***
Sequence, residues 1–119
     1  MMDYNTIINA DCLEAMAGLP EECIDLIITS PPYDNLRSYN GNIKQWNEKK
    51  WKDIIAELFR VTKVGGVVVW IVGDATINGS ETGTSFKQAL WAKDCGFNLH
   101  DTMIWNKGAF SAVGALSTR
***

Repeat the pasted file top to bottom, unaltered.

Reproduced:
Sequence, residues 1–119
     1  MMDYNTIINA DCLEAMAGLP EECIDLIITS PPYDNLRSYN GNIKQWNEKK
    51  WKDIIAELFR VTKVGGVVVW IVGDATINGS ETGTSFKQAL WAKDCGFNLH
   101  DTMIWNKGAF SAVGALSTR